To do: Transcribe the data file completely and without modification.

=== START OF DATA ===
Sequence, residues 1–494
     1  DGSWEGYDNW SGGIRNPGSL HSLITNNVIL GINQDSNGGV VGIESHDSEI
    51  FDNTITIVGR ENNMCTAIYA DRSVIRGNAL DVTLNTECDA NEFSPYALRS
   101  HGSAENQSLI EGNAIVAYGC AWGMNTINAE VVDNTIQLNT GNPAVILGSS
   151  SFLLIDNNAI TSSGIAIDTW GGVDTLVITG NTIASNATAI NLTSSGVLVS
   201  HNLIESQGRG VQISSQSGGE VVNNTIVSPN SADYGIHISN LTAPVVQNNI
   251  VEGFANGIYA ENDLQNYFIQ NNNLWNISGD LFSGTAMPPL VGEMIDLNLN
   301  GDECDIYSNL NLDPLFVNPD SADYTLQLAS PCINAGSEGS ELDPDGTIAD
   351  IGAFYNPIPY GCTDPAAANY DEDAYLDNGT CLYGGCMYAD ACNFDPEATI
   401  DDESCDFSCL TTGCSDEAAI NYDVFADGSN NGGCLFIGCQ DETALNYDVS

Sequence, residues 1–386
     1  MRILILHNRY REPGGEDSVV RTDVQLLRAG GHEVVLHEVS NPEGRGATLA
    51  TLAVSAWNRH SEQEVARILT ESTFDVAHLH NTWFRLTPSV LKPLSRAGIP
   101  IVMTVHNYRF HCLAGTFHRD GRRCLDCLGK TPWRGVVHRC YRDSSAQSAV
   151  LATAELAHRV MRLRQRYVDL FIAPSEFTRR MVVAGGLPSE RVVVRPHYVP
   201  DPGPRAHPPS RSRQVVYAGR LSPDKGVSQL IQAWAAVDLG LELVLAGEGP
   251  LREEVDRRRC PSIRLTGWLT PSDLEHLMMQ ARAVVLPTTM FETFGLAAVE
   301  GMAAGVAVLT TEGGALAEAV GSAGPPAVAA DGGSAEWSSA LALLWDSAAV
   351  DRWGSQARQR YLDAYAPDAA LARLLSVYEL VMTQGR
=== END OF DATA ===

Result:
Sequence, residues 1–494
     1  DGSWEGYDNW SGGIRNPGSL HSLITNNVIL GINQDSNGGV VGIESHDSEI
    51  FDNTITIVGR ENNMCTAIYA DRSVIRGNAL DVTLNTECDA NEFSPYALRS
   101  HGSAENQSLI EGNAIVAYGC AWGMNTINAE VVDNTIQLNT GNPAVILGSS
   151  SFLLIDNNAI TSSGIAIDTW GGVDTLVITG NTIASNATAI NLTSSGVLVS
   201  HNLIESQGRG VQISSQSGGE VVNNTIVSPN SADYGIHISN LTAPVVQNNI
   251  VEGFANGIYA ENDLQNYFIQ NNNLWNISGD LFSGTAMPPL VGEMIDLNLN
   301  GDECDIYSNL NLDPLFVNPD SADYTLQLAS PCINAGSEGS ELDPDGTIAD
   351  IGAFYNPIPY GCTDPAAANY DEDAYLDNGT CLYGGCMYAD ACNFDPEATI
   401  DDESCDFSCL TTGCSDEAAI NYDVFADGSN NGGCLFIGCQ DETALNYDVS

Sequence, residues 1–386
     1  MRILILHNRY REPGGEDSVV RTDVQLLRAG GHEVVLHEVS NPEGRGATLA
    51  TLAVSAWNRH SEQEVARILT ESTFDVAHLH NTWFRLTPSV LKPLSRAGIP
   101  IVMTVHNYRF HCLAGTFHRD GRRCLDCLGK TPWRGVVHRC YRDSSAQSAV
   151  LATAELAHRV MRLRQRYVDL FIAPSEFTRR MVVAGGLPSE RVVVRPHYVP
   201  DPGPRAHPPS RSRQVVYAGR LSPDKGVSQL IQAWAAVDLG LELVLAGEGP
   251  LREEVDRRRC PSIRLTGWLT PSDLEHLMMQ ARAVVLPTTM FETFGLAAVE
   301  GMAAGVAVLT TEGGALAEAV GSAGPPAVAA DGGSAEWSSA LALLWDSAAV
   351  DRWGSQARQR YLDAYAPDAA LARLLSVYEL VMTQGR